Desert Light II

11 x 25, Fabriano Artistico

This new print of a Scarlet Splendens is part of my Desert Light series, working with overlapping negatives.  It’s not a cactus and so not related to the amazing Jumping Cholla that left broken cactus spines in my right hand since late April . . . had surgery last week to remove them . . .  they just wouldn’t leave on their own.

New Shetland work is next.

Desert Light

treeflare(Print: 14″ x 20″, made at Indian Hill Imageworks on hand-coated Fabriano Artistico 640 gsm.)

I’m staring here, straight into the rising Arizona sun—6 AM in the preserve just a few hundred feet from my sister-in-law Julie’s home in Phoenix.  Since I took that shot, I’ve learned that the taboo against shooting into the sun isn’t so much a matter of a bad shot as of magnifying the radiation, through the camera lens onto one’s retina—geez.  I also didn’t imagine the effect of the flare.

chichuly5(11″ x 25″ on Fabriano Artistico)

This second print is a matter of slipping the film between 35mm frames within my ’79 Olympus XA.  Shot at the Desert Botanical Garden, it jogs between  the Palo Verde and the Chihuly spires.  I’m working on this layering and slipping of frames before leaving again for the Shetland Islands, mid-May.


Crop Detail: 5″ x 5.5″

Meadow Croft

We were just a few hours into spring last Friday morning, and yet had snowflakes.  Crazy winter on Long Island.  Snowstorms.  Cold.

I’ve been working these past months, piloting a couple of film cameras to work with in Shetland this May.  I don’t think I would otherwise have tortured myself, photographing in the frigid air, and the snow is sometimes so uninspiring.  So I stayed near home and ended up photographing, again and again at Meadow Croft, John E.Roosevelt’s one-time summer home in Sayville.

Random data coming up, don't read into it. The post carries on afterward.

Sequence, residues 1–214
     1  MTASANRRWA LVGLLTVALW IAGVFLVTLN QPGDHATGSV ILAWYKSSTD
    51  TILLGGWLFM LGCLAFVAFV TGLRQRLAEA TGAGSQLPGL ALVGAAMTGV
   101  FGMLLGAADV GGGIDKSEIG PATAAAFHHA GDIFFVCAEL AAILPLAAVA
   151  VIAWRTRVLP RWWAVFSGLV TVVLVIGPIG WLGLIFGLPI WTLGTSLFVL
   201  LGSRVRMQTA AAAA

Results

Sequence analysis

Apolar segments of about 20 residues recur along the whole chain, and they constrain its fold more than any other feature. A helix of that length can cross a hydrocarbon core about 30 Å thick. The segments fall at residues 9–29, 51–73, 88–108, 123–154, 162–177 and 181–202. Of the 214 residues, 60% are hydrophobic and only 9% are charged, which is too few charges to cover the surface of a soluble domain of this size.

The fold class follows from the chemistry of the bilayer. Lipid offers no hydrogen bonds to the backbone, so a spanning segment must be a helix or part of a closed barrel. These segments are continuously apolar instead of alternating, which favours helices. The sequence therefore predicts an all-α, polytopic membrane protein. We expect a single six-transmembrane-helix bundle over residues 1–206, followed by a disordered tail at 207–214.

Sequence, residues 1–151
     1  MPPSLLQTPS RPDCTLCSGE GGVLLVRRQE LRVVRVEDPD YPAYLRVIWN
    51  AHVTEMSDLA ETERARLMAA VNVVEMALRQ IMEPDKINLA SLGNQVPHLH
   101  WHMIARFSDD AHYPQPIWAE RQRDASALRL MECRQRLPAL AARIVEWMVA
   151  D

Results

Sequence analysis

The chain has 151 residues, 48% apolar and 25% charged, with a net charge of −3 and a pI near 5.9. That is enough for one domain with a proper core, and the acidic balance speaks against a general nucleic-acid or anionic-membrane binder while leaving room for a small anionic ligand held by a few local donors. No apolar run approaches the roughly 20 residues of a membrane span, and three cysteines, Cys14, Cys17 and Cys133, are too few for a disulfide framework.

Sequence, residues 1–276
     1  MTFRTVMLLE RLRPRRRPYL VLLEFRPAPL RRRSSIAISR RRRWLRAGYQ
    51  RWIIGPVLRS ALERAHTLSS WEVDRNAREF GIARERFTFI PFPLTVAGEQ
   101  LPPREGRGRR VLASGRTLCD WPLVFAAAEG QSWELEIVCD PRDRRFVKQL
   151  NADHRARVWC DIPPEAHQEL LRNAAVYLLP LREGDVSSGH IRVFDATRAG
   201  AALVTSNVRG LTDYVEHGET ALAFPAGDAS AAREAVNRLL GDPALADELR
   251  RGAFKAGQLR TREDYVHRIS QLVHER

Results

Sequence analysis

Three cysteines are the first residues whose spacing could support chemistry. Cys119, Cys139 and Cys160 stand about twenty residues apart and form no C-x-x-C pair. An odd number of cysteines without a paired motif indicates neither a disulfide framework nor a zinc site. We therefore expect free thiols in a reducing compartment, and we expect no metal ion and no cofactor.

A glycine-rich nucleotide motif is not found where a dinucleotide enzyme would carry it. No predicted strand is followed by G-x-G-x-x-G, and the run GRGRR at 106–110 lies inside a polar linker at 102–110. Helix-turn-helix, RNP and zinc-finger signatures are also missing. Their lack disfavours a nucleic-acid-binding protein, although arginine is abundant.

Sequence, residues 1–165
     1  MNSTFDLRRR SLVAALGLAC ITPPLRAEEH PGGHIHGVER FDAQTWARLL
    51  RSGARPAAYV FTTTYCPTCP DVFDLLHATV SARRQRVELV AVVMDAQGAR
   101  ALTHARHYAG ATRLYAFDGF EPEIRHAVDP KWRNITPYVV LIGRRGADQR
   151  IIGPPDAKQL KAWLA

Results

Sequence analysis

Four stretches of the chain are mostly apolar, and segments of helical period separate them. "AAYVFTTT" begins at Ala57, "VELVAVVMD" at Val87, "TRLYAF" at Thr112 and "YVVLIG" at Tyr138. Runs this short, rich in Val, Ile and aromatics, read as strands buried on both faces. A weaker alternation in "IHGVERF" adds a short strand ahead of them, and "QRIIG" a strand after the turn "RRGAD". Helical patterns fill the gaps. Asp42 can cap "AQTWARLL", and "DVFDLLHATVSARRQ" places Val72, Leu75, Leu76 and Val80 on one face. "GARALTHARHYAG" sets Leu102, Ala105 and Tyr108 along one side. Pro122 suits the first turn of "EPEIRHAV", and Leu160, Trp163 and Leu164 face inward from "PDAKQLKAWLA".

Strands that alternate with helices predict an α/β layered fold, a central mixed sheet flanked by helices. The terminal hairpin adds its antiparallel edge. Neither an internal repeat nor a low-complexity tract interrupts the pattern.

I’ve passed this spot many times-less than a mile from my home-and never really walked in, but one Sunday, my friend Carol asked me to meet her there, to stop in at the wood shack at the far end of the estate where Barney offers tastes of the Loughlin wines grown there.  I left sooner than Carol, to walk around and try out my Olympus XA and LOMO 35mm cameras.  I bought the 1979 Olympus for just $75 at an online auction and the LOMO new and am trying to decide which effects I want.  They both have good lenses and work quickly, although the XA has a coupled rangefinder for precision focus, whereas the LOMO is a scale focus and I have to estimate the distance in feet and set the lens, a bit wacky, but maybe I want this.  (For more on these cameras, see

Before Carol showed up, I walked around the open fields in front of the Dutch Revival house and then back toward the two-story garage.  I was photographing the garage from a predictable distance-more than 20 feet-easy, infinity on both cameras.  But then I noticed that one of the windows on the otherwise locked garage was open, less than an inch.  I pushed the window up a bit, just enough to prop the XA and LOMO on the ledge and shoot into a room where the light fell obliquely onto a back wall.  I guessed at the distance and shot a few frames, but, by the time Carol came up beside me, my fingers were burning from the cold, even with gloves on, and I could no longer advance the film levers.

We walked to Barney’s shack which is warmed by a  wood-burning stove and then took our wine in plastic cups back up to the house to sit in the rockers on the porch…feet up on the rail…no one in view.  I went back to Meadow Croft all winter; even though it was so often cold, because it was eerie and mysterious and silent.  And last week I borrowed an Olympus XA-4–a later XA model that like the LOMO is scale focused but it has a 28mm lens–more in the frame and more depth of field.

Further test shots to follow.